Previously Ms Comstock explained what the study of nature might be expected to do for the child. Now she explains the benefits to the teacher (or parent):
WHAT NATURE-STUDY SHOULD DO FOR THE TEACHER
During many years, I have been watching teachers in our public schools in their conscientious and ceaseless work; and so far as I can foretell, the fate that awaits them finally is either nerve exhaustion or nerve atrophy. The teacher must become either a neurasthenic or a ” clam.” ( i.e. neurotic and heading for a nervous break-down or apathetic)
I have had conversations with hundreds of teachers in the public schools of New York State concerning the introduction of nature-study into the curriculum, and most of them declared, ” Oh, we have not time for it. Every moment is full now! ”
(doesn’t that sound familiar? If I had a dollar for every mom who I hear saying she can’t add nature study because she’s stretched to the breaking point, well, we might still be self supporting missionaries, but our self support would bring us up to considerably more comforts!)
Their nerves were at such a tension that with one more thing to do they must fall apart. The question in my own mind during these conversations was always, how long can she stand it! I asked some of them, ” Did you ever try a vigorous walk in the open air in the open country every Saturday or every Sunday of your teaching year? ” ” Oh no! ” they exclaimed in despair of making me understand. ” On Sunday we must go to church or see our
friends and on Saturday we… *(have to catch up with all the undone tasks from the previous week).
What are you catching up with?
Consider, points out Ms Comstock, that you may be behind on grading papers and household tasks and so on, but you are also behind on some other things you haven’t considered- rest, refreshment, rejuvenation, the things that give you more energy and motivation to bring you through the other cares:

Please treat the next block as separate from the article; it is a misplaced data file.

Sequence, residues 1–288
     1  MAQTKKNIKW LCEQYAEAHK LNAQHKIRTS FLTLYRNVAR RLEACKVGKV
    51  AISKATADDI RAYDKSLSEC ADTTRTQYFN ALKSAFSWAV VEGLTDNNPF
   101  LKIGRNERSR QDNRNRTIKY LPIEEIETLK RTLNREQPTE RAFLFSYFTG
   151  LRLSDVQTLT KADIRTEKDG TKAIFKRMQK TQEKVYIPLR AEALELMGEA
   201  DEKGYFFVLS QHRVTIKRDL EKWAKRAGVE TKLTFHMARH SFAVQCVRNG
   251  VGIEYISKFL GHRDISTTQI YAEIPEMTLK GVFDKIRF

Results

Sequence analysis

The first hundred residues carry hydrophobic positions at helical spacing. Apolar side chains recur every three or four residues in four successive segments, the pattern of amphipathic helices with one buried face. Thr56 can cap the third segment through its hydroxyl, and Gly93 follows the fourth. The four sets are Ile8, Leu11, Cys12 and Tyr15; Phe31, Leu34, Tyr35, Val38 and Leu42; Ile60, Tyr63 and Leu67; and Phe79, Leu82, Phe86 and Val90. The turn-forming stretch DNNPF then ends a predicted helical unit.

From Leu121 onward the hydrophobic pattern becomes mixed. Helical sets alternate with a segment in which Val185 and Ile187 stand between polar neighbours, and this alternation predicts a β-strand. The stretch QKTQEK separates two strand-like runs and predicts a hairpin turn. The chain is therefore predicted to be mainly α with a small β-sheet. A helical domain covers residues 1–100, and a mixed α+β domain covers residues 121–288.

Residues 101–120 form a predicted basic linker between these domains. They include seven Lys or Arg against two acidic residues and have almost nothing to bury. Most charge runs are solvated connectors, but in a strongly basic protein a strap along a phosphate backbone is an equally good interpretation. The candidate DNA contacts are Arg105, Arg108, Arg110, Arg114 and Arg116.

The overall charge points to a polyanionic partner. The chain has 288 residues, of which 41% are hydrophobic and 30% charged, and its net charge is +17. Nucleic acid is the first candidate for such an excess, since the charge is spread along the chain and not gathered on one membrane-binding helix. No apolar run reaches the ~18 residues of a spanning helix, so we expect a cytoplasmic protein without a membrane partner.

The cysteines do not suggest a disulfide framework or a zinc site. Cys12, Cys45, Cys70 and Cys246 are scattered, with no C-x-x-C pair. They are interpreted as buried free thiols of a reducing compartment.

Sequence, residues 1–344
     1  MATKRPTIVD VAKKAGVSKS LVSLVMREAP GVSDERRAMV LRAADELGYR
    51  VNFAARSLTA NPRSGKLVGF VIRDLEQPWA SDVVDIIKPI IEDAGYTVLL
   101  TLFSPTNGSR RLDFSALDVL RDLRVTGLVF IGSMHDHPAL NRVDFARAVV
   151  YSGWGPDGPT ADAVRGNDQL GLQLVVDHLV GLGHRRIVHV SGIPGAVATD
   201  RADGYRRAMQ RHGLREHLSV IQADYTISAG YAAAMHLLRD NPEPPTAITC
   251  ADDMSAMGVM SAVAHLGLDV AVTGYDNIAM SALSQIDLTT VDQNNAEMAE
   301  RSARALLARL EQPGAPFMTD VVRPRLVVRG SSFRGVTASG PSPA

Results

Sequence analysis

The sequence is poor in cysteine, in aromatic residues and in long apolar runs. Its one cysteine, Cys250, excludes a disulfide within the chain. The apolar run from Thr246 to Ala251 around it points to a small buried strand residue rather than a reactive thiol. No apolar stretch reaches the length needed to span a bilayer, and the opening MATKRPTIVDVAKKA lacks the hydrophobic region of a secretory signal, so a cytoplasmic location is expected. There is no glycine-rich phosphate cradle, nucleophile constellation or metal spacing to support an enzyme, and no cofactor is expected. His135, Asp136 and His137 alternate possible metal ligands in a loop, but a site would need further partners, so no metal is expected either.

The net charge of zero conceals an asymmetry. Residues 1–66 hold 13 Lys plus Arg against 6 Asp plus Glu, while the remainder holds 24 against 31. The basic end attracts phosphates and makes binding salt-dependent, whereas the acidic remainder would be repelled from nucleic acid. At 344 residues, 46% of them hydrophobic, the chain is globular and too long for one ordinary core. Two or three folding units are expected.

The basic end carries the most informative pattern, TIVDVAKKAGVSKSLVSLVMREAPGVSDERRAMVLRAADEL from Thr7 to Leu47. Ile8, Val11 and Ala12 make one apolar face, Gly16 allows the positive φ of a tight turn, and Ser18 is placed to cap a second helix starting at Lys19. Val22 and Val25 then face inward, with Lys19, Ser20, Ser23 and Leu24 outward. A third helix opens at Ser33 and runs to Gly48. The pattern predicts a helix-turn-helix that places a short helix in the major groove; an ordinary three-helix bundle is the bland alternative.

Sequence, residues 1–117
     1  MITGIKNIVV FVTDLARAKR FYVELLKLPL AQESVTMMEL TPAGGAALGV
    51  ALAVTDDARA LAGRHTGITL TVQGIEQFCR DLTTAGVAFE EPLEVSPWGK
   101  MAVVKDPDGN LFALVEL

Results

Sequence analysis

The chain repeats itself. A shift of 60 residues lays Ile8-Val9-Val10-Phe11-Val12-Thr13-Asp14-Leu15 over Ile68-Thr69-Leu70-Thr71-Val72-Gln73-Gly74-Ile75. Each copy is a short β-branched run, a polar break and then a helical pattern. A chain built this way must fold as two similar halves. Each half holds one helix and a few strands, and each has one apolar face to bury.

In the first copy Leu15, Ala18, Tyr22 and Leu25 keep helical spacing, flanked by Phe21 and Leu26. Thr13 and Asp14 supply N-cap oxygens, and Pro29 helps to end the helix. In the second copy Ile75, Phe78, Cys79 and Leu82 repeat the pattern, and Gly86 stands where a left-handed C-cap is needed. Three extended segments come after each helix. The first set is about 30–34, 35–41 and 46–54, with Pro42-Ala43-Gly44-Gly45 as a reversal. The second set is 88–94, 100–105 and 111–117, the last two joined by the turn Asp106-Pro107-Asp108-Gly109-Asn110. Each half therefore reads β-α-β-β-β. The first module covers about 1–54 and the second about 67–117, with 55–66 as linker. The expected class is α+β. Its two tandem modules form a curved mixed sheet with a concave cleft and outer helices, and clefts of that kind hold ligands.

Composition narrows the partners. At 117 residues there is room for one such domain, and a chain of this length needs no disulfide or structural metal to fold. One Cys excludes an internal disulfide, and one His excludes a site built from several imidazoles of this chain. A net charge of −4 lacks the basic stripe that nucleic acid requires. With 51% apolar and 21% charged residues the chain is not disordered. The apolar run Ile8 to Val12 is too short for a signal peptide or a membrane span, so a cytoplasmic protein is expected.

Yes, catch up with more cares, more worries, more fatigue, but not with more growth, more strength, more vigor, and more courage for work. In my belief, there are two and only two occupations for Saturday afternoon or forenoon for a teacher.
One is to be out-of-doors and the other is to lie in. bed, and the first is best.
Out in this, God’s beautiful world, there is everything waiting to heal lacerated nerves, to strengthen tired muscles, to please and content the soul that is torn to shreds with duty and care. To the teacher who turns to nature’s healing, nature-study in the schoolroom is not a trouble; it is a sweet, fresh breath of air blown across the heat of radiators and the noi-
some odor of overcrowded small humans. She who opens her eyes and her heart
nature-ward even once a week finds nature-study in the schoolroom a delight and an abiding joy. What does such a one find in her schoolroom instead of the terrors of discipline, the eternal watching and eternal nagging to keep the pupils quiet and at work? She finds, first of all, companionship with her children; and second, she finds that without planning or going
on a far voyage, she has found health and strength.
No time for nature study? By not doing nature study, you may be losing at more time in terms of the renewed eagerness, fresh minds, health, and cooperative spirits that come from time outside observing nature.